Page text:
The defence secretary was being interviewed by Krishnan Guru-Murthy on Channel 4 News on Friday about a speech the Labour leader made about how the “war on terror was not working”.
Fallon explained in the 11-minute exchange that he took issue with Corbyn’s speech, particularly, “the idea that the attack in Manchester could be traced back to British foreign policy, that some how it is somebody else’s fault, it is the fault of the British government or somebody else”.
Guru-Murthy said he did not know what draft of the speech Fallon had read, saying his understanding of the speech was that, “the blame is with the terrorist, but if we are to protect our people we must be honest about what threatens our security, we must be brave enough to admit the war on terror is simply not working”.
The presenter then asked the Conservative minister to respond to this quote: “Isn’t it possible that things like the Iraq war did not create the problem of murderous Islamic fundamentalists, though the war has unquestionably sharpened the resentments felt by such people in this country and given them a new pretext?”
Fallon condemned the comment, thinking it had been made by Corbyn, replying with: “Well, I think you shouldn’t allow pretext for people who blow up innocent children.”
Guru-Murthy then revealed that the foreign secretary had said the words in response to the 7/7 London bombings in 2005 that killed 52 people, but Fallon didn’t appear to comprehend that, uttering a similar response to the one he had just made.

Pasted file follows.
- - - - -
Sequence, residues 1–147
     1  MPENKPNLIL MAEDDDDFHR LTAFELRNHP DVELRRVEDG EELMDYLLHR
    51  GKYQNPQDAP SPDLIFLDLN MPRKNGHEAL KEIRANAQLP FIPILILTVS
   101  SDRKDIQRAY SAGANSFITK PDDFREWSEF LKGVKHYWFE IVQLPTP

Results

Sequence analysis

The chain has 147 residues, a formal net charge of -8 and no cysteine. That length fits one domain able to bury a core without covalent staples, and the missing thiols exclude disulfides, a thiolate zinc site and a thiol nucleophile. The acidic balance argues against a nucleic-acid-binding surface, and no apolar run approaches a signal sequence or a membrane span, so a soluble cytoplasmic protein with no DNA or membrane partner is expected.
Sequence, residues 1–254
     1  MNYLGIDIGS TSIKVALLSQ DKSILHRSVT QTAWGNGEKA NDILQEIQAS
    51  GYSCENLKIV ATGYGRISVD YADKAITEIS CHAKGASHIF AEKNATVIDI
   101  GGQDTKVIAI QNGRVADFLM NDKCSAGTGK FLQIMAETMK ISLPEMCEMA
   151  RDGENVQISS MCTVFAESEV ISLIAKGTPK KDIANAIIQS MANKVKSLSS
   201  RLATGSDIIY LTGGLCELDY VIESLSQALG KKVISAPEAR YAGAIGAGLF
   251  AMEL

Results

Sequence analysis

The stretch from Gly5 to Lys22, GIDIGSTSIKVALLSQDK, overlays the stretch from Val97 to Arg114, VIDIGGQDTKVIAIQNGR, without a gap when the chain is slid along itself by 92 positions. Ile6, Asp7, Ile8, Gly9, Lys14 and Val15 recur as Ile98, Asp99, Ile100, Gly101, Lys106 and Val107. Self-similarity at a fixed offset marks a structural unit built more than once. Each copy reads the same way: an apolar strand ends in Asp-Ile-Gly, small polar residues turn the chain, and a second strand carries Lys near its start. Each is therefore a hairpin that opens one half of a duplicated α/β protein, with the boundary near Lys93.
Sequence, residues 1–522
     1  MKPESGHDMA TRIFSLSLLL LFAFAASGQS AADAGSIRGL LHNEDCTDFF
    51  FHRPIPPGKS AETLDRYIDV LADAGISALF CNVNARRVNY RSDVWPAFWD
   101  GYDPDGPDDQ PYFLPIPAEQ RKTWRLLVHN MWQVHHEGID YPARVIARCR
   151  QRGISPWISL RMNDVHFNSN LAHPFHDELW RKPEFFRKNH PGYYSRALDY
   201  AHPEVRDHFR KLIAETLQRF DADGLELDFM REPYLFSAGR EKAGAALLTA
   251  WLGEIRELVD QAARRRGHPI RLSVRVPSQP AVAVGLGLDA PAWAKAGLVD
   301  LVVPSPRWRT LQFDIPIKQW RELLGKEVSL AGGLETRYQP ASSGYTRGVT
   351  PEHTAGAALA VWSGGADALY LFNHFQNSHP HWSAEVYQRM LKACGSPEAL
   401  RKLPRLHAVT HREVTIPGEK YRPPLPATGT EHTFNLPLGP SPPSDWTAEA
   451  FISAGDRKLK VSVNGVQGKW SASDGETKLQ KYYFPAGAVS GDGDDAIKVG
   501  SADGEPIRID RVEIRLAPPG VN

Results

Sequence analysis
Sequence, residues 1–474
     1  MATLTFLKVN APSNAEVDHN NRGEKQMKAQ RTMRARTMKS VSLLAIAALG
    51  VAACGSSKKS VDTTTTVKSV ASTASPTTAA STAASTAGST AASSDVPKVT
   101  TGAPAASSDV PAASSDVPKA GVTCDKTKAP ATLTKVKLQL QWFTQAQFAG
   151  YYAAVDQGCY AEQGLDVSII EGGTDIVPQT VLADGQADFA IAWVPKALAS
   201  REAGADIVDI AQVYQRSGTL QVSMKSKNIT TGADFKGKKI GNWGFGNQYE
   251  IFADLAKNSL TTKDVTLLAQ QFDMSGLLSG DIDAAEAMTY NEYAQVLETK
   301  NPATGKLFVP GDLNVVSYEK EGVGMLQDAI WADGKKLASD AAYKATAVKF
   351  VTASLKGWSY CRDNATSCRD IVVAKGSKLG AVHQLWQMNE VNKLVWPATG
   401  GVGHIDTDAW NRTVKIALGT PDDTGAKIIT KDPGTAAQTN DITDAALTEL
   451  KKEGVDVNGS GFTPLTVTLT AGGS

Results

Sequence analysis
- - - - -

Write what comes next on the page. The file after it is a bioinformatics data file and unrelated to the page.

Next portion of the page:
He said: “They’re not entitled to excuses, this is an act of murderous... a callous murder that has taken the lives of innocent civilians.”
Guru-Murthy then reminded him of more comments of a similar ilk that were made by Johnson when he was mayor of London.
“He goes on to say: ‘the Iraq war did not introduce the poison into our bloodstream but, yes, the war did help to potentiate that poison. It is difficult to deny that they have a point, the ‘told-you-so’ brigade.”
Then added that the sentiment expressed is “exactly what Jeremy Corbyn is saying now”.
Fallon disagreed, and was then asked by Guru-Murthy: “So, Boris Johnson is wrong?”
“Well I’d have to see the words that you’re trying to quote to me. I don’t have them in front of me,” he said.
Guru-Murthy: “I just told you them.”
Fallon: “I’d have to look at them.”
The interview was called a “work of art” by the Guardian’s Owen Jones. A fellow contributor to the newspaper, Hicham Yezza, said Fallon had been “flattened” by Guru-Murthy.
Watch a full video of the interview below